"13. A few hours subsequent to my said discharge I was again arrested by Detective Officer Cryan at my place of employment aforesaid. The said Detective Officer told me he had another warrant from Glasgow for my arrest. He showed me the warrant and he read it to me. I was then cautioned by the said Detective Officer and I made no reply to him. The said warrant was a warrant similar to the warrant upon which I was first arrested, and the complaint therein was similar to the complaint mentioned in the first warrant. As far as I remember the date of this warrant was the 8th day of April, 1937, and it was issued by a Sheriff Substitute in Glasgow. The said warrant was endorsed or 'backed' in the Irish Free State by Edward J. Little, one of the Justices assigned to the Dublin District Court and was directed to the Chief Superintendent of the Metropolitan Division of the Gárda Síochána and his assistants. The said warrant was directed by Superintendent Ennis to the said Detective Officer for execution. The said Detective Officer then took me to the Bridewell Police Station, Inns Quay, Dublin, and handed me over to Station Sergeant Richard C. Kingston where, and by whom, I am at present detained. I am aware that a police escort from Glasgow is at present in Dublin to whom I am to be handed over this evening to be conveyed by him as a prisoner to Scotland outside the jurisdiction of the Courts of the Irish Free State. I am informed by my solicitor and believe that the original warrant upon which I have been now arrested is in the possession of the police authorities here and that he (my solicitor) has applied to the said authorities and to the Chief State Solicitor for a copy of the said warrant, but same is not yet forthcoming. I beg to refer to the said warrant when produced.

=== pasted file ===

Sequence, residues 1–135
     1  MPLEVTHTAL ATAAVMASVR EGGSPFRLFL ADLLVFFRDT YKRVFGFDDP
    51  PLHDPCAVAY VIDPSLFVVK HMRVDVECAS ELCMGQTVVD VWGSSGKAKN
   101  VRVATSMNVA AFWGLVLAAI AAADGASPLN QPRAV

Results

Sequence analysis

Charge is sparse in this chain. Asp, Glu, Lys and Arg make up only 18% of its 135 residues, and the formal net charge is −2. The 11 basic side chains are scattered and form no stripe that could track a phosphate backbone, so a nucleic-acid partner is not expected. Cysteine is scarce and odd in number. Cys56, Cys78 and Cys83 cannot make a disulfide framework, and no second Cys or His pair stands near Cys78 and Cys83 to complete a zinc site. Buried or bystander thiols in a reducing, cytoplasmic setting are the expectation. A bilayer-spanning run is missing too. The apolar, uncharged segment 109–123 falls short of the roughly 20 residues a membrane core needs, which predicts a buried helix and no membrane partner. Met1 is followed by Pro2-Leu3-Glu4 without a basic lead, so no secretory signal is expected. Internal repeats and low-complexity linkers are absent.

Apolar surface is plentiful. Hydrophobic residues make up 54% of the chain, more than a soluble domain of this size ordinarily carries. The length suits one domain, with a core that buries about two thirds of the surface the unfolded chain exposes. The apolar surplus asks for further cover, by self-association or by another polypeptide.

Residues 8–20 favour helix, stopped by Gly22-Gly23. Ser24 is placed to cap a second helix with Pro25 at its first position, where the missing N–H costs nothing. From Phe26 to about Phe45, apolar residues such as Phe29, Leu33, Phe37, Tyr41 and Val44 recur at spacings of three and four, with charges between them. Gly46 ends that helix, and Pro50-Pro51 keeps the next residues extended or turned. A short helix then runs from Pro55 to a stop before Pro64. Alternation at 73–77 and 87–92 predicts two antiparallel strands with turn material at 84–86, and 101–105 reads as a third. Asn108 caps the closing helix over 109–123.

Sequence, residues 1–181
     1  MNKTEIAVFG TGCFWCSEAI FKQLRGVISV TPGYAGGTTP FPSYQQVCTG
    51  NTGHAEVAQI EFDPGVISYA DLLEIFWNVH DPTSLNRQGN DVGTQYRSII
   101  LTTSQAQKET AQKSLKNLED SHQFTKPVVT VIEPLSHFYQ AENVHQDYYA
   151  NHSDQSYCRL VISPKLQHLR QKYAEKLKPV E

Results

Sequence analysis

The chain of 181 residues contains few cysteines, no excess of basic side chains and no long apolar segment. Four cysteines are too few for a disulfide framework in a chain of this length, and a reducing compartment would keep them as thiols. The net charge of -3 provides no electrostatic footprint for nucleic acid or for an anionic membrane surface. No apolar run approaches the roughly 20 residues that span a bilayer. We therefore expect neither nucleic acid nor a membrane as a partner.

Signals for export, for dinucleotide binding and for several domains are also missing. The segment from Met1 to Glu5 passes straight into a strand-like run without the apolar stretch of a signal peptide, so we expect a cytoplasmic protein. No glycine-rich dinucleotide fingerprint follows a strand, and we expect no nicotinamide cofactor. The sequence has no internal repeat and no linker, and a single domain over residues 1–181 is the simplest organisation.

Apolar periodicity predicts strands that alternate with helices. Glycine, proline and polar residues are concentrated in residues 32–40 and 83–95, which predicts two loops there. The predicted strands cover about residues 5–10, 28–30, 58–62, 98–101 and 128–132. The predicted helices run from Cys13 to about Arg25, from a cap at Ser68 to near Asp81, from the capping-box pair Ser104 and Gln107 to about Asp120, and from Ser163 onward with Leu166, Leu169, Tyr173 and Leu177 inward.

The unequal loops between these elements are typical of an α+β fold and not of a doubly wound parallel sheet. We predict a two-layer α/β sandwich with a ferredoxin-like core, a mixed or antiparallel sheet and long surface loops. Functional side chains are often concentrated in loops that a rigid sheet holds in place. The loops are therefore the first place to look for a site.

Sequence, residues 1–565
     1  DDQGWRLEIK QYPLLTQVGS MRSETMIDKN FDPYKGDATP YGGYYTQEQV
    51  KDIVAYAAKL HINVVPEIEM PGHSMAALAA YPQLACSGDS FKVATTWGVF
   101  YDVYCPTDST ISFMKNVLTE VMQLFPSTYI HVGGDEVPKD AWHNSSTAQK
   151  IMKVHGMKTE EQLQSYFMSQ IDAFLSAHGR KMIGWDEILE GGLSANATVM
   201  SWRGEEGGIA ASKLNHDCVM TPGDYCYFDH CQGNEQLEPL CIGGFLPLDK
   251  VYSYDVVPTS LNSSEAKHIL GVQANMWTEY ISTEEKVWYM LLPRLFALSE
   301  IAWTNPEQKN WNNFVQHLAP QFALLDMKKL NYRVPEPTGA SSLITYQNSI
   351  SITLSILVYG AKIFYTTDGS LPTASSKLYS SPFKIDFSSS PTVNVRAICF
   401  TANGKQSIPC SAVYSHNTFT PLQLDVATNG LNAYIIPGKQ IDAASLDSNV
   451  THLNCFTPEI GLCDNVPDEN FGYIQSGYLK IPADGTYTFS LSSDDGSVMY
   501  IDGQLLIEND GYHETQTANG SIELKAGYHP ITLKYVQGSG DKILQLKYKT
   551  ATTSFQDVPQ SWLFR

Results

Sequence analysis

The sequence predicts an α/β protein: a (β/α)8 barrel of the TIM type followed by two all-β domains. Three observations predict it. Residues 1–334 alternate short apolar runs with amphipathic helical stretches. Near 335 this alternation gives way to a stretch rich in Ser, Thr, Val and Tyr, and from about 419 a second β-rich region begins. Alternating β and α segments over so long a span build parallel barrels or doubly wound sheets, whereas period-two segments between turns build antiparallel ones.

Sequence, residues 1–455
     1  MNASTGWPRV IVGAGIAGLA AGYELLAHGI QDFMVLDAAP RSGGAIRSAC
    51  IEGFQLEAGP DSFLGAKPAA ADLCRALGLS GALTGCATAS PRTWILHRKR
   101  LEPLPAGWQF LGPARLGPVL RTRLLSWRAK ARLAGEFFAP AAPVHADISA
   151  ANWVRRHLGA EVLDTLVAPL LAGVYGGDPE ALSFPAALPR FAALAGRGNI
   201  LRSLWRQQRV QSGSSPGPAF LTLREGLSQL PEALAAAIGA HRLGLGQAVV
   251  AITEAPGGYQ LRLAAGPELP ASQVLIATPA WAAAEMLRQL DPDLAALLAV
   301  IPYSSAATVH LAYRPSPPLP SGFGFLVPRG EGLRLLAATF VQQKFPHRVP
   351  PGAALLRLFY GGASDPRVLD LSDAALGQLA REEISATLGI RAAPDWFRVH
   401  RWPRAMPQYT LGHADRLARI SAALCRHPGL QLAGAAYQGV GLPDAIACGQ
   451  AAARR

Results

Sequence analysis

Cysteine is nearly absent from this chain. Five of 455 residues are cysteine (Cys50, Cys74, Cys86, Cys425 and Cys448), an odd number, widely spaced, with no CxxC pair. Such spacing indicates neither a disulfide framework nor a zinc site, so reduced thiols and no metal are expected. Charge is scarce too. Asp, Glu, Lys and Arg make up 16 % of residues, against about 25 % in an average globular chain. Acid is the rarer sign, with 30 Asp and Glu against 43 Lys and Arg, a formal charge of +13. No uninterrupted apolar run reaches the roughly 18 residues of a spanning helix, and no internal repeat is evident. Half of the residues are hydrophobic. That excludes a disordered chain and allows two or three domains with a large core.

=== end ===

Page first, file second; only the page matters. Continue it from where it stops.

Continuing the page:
14. I am a citizen of the Irish Free State, and I reside, and have always resided, within the area of the Irish Free State, and I never resided in Scotland, nor did I have a home or residence there at any time. I say that I have not committed any offence in Scotland nor in the Irish Free State in respect of the matters alleged in the said warrant and I say that the issue of the said warrant in Scotland and the endorsement or 'backing' thereof by the said Edward J. Little in the Irish Free State are without, and in excess of, jurisdiction, and an invasion of my rights as a citizen of the Irish Free State, and as such citizen I claim the protection of the Courts of my State against my said arrest and imprisonment and my deportation to another jurisdiction, and I rely upon the provisions of Article 6 of the Constitution of the Irish Free State."

Cause was shown against making absolute the conditional order by the filing of two affidavits; one by Superintendent Ennis and the other by Detective Officer Cryan. Both affidavits dealt merely with the procedure followed in arresting Dowling and are immaterial for the purposes of this report.

The prosecutor appealed from the order of the High Court to the Supreme Court (1). The two grounds of appeal are set out in the judgment of Sullivan C.J.